Lately I’m very much into cycling. I own a Firefox Fusion (MTB). I cycle to every place possible, which includes office and gym, so practically my day starts and ends on a cycle. Before this trip, I had been to two 60 kms and a 90km cycle trip. The experience from them has just made me go for more. This cycling activity might explain (to an extent) my inactivity on the photography front. The photos in this post are taken using my mobile camera (Nokia E63 2 Mega Pixel), so please don’t expect DSLR quality images here.

As usual, we (I and Shivank) chose a random Sunday morning and took-off before the average person thinks of breaking his/her weekend slumber. I started the day’s trip by 7:40 AM, and met Shivank near his house by 8:00 AM; which was actually late even by our standards.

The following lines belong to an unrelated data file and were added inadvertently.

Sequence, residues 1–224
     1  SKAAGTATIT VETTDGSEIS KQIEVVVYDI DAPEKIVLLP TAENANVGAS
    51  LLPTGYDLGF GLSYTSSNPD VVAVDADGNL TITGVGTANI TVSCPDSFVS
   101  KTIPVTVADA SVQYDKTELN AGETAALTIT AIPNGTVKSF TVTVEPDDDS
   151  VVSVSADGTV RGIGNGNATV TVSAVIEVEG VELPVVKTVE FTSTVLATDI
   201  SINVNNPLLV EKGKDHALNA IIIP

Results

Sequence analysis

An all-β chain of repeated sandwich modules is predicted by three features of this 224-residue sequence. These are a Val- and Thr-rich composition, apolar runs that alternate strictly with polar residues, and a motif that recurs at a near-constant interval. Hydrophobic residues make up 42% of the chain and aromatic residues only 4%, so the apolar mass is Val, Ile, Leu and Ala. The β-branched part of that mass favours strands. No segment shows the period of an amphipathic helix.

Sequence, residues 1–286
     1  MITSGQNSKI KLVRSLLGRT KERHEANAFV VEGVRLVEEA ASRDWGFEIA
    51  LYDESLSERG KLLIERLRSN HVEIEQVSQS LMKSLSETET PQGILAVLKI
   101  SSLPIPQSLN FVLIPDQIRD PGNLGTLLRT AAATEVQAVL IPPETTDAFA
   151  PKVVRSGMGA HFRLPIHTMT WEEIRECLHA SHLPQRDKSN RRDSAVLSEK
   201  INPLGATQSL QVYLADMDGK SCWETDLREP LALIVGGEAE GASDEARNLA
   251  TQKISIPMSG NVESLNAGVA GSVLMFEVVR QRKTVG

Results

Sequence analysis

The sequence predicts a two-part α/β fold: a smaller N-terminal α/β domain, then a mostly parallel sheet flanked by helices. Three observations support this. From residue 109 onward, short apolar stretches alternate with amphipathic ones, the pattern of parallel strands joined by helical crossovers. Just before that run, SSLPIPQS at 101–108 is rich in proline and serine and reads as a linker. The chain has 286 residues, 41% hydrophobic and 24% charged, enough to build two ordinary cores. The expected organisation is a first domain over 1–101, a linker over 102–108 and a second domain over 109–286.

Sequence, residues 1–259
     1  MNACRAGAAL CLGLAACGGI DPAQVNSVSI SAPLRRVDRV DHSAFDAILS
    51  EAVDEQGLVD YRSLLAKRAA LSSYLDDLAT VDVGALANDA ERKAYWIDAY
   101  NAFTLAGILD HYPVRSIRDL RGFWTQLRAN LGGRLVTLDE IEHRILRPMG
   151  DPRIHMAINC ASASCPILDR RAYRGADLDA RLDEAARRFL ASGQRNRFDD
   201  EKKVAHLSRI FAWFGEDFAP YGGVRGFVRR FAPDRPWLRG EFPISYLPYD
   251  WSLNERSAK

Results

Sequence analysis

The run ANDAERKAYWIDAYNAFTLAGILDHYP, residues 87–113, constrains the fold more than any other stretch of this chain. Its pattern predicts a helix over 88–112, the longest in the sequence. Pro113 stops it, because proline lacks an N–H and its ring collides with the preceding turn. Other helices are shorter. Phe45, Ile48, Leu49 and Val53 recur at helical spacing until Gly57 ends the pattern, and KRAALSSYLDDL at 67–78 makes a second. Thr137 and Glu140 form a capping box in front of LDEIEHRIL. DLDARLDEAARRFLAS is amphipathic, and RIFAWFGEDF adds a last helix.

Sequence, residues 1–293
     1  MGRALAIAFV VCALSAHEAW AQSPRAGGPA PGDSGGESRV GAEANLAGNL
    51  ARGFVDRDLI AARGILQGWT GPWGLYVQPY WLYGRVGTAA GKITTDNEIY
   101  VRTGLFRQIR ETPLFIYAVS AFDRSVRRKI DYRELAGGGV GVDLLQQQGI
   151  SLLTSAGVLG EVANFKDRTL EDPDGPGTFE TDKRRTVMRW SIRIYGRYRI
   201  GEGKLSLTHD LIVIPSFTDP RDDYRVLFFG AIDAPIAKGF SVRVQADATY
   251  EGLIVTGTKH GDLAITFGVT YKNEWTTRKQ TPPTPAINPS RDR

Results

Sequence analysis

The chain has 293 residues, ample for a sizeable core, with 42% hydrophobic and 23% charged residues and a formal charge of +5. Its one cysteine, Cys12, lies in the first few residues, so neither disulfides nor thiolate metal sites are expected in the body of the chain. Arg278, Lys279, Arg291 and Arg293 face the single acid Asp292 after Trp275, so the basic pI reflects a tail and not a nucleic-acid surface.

The first 15 kms of cycling was through concrete jungle – housing colonies and apartment complexes, the only respite was passing through a beautiful lake (Ambir Cheruvu) before Pragati nagar. At the lake the days fishing had just started. The fishermen were using a one person boat made out of slabs of thermo coals stitched together and reinforced by two bamboo sticks, an interesting contraption! The scenery became better and greener as we joined the Medak road. Here the only concern was that it was a two lane road with truck traffic. But as we found out yet again, truckers respect cyclists and maintain ample distance, it’s the smaller vehicles we had to be wary of. The going was easy; we had lot of office/general gossip to catch up with so we cycled at a relaxed pace and covered only about 15kms in the first hour of cycling. As per plan, our idea was to do a 50-60 km circuit on the outskirts of Hyderabad and we had a route in mind. But as it usually happens in such outings we ended up cycling 105 km. Even I had a hand in this: after about 25kms of cycling, a quick reference to Google maps from mobile told us that we were well off our planned circuit – now, we could very well have back tracked the same route and our objective for the day would have fulfilled, but its seldom fun to return along the route you have already passed. So right there we charted a new circuit passing through Narsapur (another 20kms from that place), then joining NH9, and then back to Hyderabad. This route, we estimated, would be around the 100km mark, which we thought to be do-able. But then, any feat, however daunting, appears do-able in the very first leg of it.